Right now, the Angels almost have no choice but to give spots to Skaggs and Santiago in the wake of Mark Mulder's latest career-ending injury. Joe Blanton is on the roster, but the team wants to avoid him at all costs. More likely, they will sign or trade for a low cost veteran, just so they don't have to start Skaggs if he isn't ready.
As we saw last season, Albert Pujols' feet and knees are starting to crumble into dust. He is supposedly fully healthy right now, but at age 34 (give or take), there is no guarantee he will stay that way. If his body betrays him again, it could be another long, frustrating season in Anaheim.
David Freese is also coming off of an injury-plagued season that really saw his production dip. Back problems hampered Freese both in the field and at the plate. He, too, is also supposedly 100%, but back problems are the sort of thing that has a way of coming back over and over again.
The next most pressing concern is Sean Burnett who projects to be a top setup man and possibly the only lefty in the Angels bullpen. He is coming off of offseason surgery after basically missing all of 2013 and only just started throwing again, so his availability for Opening Day is in question.
Finally, Raul Ibanez is a mummy, so you can't rule out body parts just falling off in the middle of the game. That might result in a short DL stint.
The Angels have had their worst case scenario play out two years in a row now, so they could be due for some good luck. This year, that would take the form of some of their veterans turning back the clock a few years. A healthy Albert Pujols returning to near-MVP form seems almost essential to the Angels returning to World Series contender status. Josh Hamilton remembering that he's a hitting savant and not a source of alternative wind energy would be a close second. Coming in third would be Jered Weaver's recent mechanical tinkering allowing him to recover some of the velocity he has shed in the last few seasons.
If we are talking a truly best case scenario though, they'd also need Raul Ibanez to crank out 25+ homers again and for David Freese's back to get healthy so he can recapture his 2011 World Series magic. A healthy Sean Burnett coupled with quality work from Joe Smith would go a long way towards the Angel bullpen becoming an actual asset rather than the liability it has been the last few years. Oh, and while we are at it, why don't we throw in Mike Trout putting up a 12 WAR season an running away with the AL MVP. Third time's a charm!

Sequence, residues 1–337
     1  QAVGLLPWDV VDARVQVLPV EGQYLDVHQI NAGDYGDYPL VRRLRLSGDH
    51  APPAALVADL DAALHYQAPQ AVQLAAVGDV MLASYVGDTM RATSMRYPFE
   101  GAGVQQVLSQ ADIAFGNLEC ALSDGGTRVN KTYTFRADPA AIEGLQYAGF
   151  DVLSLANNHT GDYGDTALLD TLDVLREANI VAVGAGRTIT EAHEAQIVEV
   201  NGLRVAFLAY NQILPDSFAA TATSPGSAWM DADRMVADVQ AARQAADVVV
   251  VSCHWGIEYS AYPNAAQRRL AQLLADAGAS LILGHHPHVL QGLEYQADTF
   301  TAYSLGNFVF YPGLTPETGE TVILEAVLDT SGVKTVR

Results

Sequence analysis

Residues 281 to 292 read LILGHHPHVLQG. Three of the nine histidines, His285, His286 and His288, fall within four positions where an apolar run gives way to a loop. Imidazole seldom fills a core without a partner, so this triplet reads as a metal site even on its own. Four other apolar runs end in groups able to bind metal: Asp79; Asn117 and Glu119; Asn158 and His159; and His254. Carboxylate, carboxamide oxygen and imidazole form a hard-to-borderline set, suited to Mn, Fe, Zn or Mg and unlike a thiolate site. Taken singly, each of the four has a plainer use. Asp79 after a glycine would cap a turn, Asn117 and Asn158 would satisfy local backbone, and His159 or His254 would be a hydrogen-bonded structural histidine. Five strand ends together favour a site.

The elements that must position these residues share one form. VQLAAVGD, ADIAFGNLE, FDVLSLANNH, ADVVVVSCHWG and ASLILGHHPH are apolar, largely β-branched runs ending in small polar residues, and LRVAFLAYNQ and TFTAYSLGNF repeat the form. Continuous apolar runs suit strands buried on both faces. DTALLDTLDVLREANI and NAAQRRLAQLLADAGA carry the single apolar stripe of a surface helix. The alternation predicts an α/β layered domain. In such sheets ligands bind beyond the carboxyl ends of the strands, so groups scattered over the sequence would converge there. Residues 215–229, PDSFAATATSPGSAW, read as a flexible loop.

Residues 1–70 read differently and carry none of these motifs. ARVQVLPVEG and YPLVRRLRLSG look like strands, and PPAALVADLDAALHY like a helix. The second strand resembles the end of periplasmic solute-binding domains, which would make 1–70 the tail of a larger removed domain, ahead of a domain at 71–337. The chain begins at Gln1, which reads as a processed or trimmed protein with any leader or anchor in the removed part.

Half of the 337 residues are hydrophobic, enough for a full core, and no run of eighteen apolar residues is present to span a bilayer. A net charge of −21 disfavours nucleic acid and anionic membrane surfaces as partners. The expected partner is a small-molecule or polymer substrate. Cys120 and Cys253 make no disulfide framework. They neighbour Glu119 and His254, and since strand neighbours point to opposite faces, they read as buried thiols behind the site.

See 2013, rinse, repeat.
What's that? Apparently my editor wants me to write some more here. OK, fine. The worst case here is scarily easy to see. Albert Pujols once again spends the season struggling with injury. Josh Hamilton continues to swing and miss at an alarming rate. Jered Weaver's velocity drops to a point that even Jamie Moyer is embarrassed for him. Ernesto Frieri implodes as closer over and over again. Santiago, Skaggs and Richards all show they are better off in the bullpen and/or minors. Kole Calhoun struggles now that teams have the book on him. David Freese undergoes a backeotomy. Raul Ibanez is finally vanquished by Van Helsing. All the while, Mike Trout starts plotting his escape to Philadelphia or New York (your choice) in 2017.
Let's be honest, as long as the Michael Nelson Trout is on the roster, the Angels should always at least be interesting. Their 78-win 2013 season was pretty much as bad as things were ever going to get for the Halos. So very much went wrong that year. At a minimum, they should be in for a dead cat bounce in 2014. What they will probably get is better production from Albert Pujols, but maybe not All-Star level production. Josh Hamilton figure to be at least a little bit better as well. Really though, it is the rotation that can't help but be better. The unholy trio of Joe Blanton, Tommy Hanson and Jerome Williams combined for a 5.39 ERA over 58 starts in 2013. The Angels could try and field a backend of the rotation that bad and would have a hard time replicating it. On that alone, the Angels figure to improve by a few wins.
In the end, the Angels should be better, but probably not better enough to emerge from the increasingly competitive AL: West. 86 wins and an outside shot at the second Wild Card is right about where the Halos should land.